Dr. Jonas Salk and the Polio Vaccine

Sixty-five years ago, Dr. Jonas Salk saved countless lives around the world with the development of an effective vaccine for polio.

Dr. Jonas Salk
Dr. Jonas Salk (center) and his team of researchers saved countless lives around the world with the development of an effective vaccine for polio. (Allegheny Conference on Community Development Photographs, Detre Library & Archives.)

Since the turn of the 20th century, the polio virus baffled scientists, leaving hundreds of thousands of children crippled each year, with no reliable prevention and no cure.

After graduating from New York University’s medical school, Dr. Salk did post-doctoral work at a University of Michigan laboratory researching an influenza vaccine. But by 1947, Salk looked for greater independence and established his own lab at the University of Pittsburgh’s Virus Research Laboratory.

For seven years, Salk’s staff at the Virus Research Laboratory worked to develop an effective vaccine against the polio virus. Salk tested the vaccine locally at the Watson Home for Crippled Children in Sewickley and on several thousand Pittsburgh Public School students. Salk was so confident in the vaccine that he tested it on himself, co-workers, and even his own family.

A glass vial of the polio vaccine is in the collections of the Heinz History Center. (Gift of Jeanne Miller Dodson.)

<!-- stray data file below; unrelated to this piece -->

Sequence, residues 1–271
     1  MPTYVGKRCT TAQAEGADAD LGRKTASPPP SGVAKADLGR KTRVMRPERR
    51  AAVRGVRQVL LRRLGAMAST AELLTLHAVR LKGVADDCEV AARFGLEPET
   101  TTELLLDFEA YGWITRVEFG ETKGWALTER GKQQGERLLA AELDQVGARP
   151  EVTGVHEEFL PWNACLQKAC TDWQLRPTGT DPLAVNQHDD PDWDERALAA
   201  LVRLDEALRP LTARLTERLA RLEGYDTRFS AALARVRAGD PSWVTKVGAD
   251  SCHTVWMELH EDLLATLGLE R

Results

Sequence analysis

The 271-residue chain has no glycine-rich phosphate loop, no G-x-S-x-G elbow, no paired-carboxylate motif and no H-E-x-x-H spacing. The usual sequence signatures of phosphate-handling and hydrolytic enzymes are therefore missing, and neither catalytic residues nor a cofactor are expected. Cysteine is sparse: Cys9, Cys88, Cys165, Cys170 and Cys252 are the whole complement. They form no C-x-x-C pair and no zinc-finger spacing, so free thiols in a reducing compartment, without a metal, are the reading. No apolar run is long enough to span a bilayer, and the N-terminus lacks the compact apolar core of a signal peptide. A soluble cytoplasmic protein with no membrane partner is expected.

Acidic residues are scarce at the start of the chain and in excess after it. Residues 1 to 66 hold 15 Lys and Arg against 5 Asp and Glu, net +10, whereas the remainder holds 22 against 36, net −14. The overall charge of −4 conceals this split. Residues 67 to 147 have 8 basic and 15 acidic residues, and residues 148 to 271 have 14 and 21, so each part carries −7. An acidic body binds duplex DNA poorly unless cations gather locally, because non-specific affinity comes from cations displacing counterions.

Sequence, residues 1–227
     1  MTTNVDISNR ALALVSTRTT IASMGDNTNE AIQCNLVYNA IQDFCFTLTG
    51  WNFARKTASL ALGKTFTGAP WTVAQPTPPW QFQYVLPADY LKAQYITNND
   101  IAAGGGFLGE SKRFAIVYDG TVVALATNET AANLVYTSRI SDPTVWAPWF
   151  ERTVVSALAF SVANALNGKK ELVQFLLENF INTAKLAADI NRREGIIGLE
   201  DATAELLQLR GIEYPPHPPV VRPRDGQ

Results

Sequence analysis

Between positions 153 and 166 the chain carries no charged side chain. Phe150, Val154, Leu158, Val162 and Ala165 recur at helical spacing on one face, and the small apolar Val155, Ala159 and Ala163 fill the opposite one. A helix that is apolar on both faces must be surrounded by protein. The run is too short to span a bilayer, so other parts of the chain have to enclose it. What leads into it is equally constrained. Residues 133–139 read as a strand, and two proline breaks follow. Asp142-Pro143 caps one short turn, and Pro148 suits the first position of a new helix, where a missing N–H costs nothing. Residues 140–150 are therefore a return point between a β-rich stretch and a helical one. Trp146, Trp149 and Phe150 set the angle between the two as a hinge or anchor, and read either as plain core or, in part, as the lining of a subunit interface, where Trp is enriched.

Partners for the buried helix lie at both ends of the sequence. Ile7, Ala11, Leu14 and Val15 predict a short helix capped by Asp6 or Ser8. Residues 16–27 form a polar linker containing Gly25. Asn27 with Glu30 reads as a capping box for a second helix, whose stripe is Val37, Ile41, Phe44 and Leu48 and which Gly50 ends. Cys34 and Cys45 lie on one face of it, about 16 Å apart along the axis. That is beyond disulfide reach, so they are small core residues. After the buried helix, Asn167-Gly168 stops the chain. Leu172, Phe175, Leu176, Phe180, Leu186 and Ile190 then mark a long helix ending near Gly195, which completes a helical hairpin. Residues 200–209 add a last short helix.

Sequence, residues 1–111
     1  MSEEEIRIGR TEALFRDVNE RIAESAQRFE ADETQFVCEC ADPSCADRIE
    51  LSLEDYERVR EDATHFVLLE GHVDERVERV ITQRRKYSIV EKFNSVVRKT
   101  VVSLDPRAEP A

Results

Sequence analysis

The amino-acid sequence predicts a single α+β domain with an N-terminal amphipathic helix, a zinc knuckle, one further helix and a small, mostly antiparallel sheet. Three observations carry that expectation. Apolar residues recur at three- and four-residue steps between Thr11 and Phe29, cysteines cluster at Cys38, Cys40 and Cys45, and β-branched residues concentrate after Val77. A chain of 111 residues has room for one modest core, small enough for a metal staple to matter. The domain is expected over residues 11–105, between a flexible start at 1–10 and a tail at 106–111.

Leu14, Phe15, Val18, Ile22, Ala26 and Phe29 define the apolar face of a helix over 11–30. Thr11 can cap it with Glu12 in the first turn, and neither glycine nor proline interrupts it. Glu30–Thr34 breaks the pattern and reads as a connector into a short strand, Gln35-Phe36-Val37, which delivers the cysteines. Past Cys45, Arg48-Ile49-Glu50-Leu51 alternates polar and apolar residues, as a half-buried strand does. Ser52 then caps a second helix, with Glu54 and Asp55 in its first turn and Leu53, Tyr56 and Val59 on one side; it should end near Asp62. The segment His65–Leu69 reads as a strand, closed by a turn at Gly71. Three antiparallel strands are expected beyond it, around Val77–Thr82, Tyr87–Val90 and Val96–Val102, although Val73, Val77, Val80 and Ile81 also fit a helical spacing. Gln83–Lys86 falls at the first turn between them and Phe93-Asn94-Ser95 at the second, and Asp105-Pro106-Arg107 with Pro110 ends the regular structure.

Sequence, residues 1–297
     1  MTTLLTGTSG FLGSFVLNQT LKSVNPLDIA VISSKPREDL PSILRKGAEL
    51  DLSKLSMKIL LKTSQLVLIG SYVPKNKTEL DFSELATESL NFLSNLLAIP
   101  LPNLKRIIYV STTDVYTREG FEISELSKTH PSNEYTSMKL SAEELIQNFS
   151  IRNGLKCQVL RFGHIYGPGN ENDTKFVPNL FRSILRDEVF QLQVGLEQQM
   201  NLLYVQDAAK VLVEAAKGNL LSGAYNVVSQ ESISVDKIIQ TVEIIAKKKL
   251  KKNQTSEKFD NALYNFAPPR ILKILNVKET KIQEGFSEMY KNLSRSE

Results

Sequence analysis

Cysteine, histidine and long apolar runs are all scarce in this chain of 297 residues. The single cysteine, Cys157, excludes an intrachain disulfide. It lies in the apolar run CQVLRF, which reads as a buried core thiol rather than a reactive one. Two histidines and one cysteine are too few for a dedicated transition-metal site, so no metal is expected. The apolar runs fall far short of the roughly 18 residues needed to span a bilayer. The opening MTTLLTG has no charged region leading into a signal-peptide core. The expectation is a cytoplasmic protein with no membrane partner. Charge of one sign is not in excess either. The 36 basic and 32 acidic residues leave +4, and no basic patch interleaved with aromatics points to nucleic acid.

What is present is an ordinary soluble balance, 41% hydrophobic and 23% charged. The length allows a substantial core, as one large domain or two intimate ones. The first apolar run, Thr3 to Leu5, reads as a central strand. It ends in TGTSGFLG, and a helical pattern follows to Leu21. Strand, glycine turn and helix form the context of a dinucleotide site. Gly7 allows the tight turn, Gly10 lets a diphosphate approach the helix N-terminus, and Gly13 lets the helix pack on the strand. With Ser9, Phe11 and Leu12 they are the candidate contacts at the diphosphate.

A glass vial of the polio vaccine is in the collections of the Heinz History Center. (Gift of Jeanne Miller Dodson.)

Dr. Thomas Francis, Salk’s mentor and colleague at the University of Michigan, oversaw a national field trial involving nearly two million children to determine the effectiveness of the vaccine.

It took a year to coordinate and evaluate the results of the study, but on April 12, 1955, the world rejoiced when Francis’ report declared the new polio vaccine “safe, effective, and potent.”

Salk was hailed as a miracle worker worldwide – Newsweek called him, “one of the greatest Americans.” Salk further endeared himself to the public by refusing to patent the vaccine and personally profit from sales.

The cardboard vial box bears Dr. Jonas Salk’s signature in blue ink. (Gift of Jeanne Miller Dodson.)
The cardboard vial box bears Dr. Jonas Salk’s signature in blue ink. (Gift of Jeanne Miller Dodson.)

Visitors to the Heinz History Center can see an original vial of Salk’s groundbreaking polio vaccine in the long-term exhibition, Pittsburgh: A Tradition of Innovation.


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